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An Egyptian vendor walks past a poster showing a US dollar outside an exchange office in Cairo, Egypt, November 2016.  © AP Photo/Amr Nabil

(Washington, DC) – The International Monetary Fund (IMF) should delay a vote on a US$5.2 billion loan to Egypt scheduled for June 26, 2020 until robust anti-corruption requirements are included in the program and the loan terms are public, eight human rights and good governance groups said yesterday in a letter to the IMF executive directors.

On June 5, the Egyptian government reached an agreement with the IMF for a $5.2 billion Stand-By Arrangement, a flexible instrument that provides loans over a shorter time period and with fewer requirements than traditional IMF programs. An IMF news release noted that the purpose of the loan is “to support health and social spending, improve fiscal transparency, and advance further reforms to spur private-sector-led growth and job creation.” On May 11, the IMF’s Executive Board approved a separate $2.77 billion in emergency assistance to Egypt under another loan facility to support the government’s response to the Covid-19 pandemic.

“The IMF has repeatedly said that anti-corruption and public engagement are key elements of its strategy in the Covid-19 related economic crisis,” said Sarah Saadoun, business and human rights researcher at Human Rights Watch. “Yet, it is lending billions of dollars to Egypt without making the terms public or accounting for the high corruption risk.”

The groups that signed the letter are the Cairo Institute for Human Rights Studies; the Committee for Justice; the Egyptian Human Rights Forum; EuroMed Rights; the International Federation for Human Rights; the Freedom Initiative; Human Rights Watch; and Project on Middle East Democracy.

The IMF has not yet published documents that describe the loan program, making it impossible for the public to assess whether the agreement includes requirements to ensure that money is used transparently and that it includes sufficient safeguards against corruption. The Fund should change its practice of releasing such documents only after board votes to allow for informed public engagement regarding a potential loan. Documents related to the $2.77 billion loan in May have yet to be published.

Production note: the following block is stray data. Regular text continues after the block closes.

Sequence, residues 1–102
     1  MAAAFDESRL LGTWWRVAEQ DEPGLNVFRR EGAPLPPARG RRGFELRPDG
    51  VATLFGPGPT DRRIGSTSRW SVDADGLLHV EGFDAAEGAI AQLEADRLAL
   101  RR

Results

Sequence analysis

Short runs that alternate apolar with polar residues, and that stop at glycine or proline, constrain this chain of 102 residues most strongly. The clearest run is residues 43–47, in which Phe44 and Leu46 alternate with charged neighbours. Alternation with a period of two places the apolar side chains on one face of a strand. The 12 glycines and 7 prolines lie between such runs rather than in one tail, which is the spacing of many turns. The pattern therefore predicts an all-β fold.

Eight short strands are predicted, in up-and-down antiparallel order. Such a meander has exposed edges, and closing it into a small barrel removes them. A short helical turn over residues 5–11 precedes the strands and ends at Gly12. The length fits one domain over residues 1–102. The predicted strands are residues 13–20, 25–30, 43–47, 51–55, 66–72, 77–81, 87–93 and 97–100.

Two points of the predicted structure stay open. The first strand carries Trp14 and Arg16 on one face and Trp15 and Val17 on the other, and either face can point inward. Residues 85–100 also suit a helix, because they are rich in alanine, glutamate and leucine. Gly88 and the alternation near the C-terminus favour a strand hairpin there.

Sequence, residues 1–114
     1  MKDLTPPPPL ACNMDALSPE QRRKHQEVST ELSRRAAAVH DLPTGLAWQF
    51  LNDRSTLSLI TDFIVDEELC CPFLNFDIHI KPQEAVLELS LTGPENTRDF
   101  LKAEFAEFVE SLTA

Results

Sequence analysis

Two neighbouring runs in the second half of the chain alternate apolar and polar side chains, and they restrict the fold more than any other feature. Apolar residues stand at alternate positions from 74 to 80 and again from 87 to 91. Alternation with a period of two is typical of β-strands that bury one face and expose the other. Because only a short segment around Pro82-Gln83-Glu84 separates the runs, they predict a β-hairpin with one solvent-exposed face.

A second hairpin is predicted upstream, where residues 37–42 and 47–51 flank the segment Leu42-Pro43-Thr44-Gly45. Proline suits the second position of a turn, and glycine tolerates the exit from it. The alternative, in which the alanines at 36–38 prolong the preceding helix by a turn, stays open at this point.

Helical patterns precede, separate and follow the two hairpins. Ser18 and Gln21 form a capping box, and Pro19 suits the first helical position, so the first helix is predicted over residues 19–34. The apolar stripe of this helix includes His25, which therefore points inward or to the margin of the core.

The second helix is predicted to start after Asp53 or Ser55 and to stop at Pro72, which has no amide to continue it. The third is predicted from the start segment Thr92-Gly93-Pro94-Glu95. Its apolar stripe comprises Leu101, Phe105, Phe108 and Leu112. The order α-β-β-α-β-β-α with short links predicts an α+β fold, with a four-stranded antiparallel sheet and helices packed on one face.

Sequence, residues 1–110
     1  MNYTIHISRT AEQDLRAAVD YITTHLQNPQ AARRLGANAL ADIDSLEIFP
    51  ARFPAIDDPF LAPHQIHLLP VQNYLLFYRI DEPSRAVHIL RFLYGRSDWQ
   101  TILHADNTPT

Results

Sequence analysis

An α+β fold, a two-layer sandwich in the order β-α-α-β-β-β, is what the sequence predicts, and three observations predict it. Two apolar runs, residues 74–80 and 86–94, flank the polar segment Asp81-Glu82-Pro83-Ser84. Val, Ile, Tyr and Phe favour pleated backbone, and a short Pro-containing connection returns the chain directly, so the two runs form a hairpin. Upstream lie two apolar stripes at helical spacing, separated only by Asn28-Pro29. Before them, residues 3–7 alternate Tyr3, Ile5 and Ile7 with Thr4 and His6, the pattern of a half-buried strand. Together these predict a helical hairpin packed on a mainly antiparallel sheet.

In recent years, the Egyptian government has undermined the independence of its anti-corruption entities and weakened the role of the judiciary, significantly exacerbating corruption risks in the country. As the US State Department Country Reports have noted, the government does not effectively enforce its anti-corruption laws. The military's rapidly proliferating intervention in the Egyptian economy has also increased corruption risks as military-owned businesses lack any independent or civilian oversight, leaving the Egyptian public without access to information necessary to evaluate the costs and beneficiaries of publicly funded projects.

In March 2016, President Abdel Fattah al-Sisi fired Hisham Genina, the head of Egypt’s Central Auditing Agency, an independent body designed to act as a watchdog against corruption, after he reported that Egypt had lost EGP 600 billion (about $76 billion at that time) between 2012 and 2015, due to government corruption. Later, a court sentenced Genina to a year in prison for “spreading false news” regarding corruption in Egypt.

To ensure its independence, Egyptian law had provided the head of the Central Auditing Agency immunity from dismissal, but President Sisi issued a decree in July 2015, in the absence of the parliament, allowing him to dismiss the head of any agency.

In October 2019, the IMF released the final tranche of a $12 billion three-year loan to Egypt that was regarded as failing to address Egypt’s serious governance gaps. Austerity measures that the government made in addition to floating the Egyptian pound contributed to increased inflation rates and rising poverty with inadequate programs of social support.

After the loan was first approved in 2016, the IMF Executive Board adopted a new framework to improve how it addresses corruption in member countries. As recently as June 16, IMF Managing Director Kristalina Georgieva reiterated in an interview with Transparency International, an anti-corruption monitoring group, a commitment to consistently implement this framework. During that interview, she reiterated her view that “Entrenched corruption undermines sustainable and inclusive economic growth,” among other pernicious effects.

“Nearly 100 million Egyptians need to know that the IMF isn’t handing their government billions of dollars without proper controls to ensure that it actually goes to help those most hurt by the economic fallout of the pandemic,” Saadoun said. “The IMF’s Executive Board should live up to its commitment to transparency and fighting corruption and delay a vote until the terms are public and anti-corruption measures are in place.”

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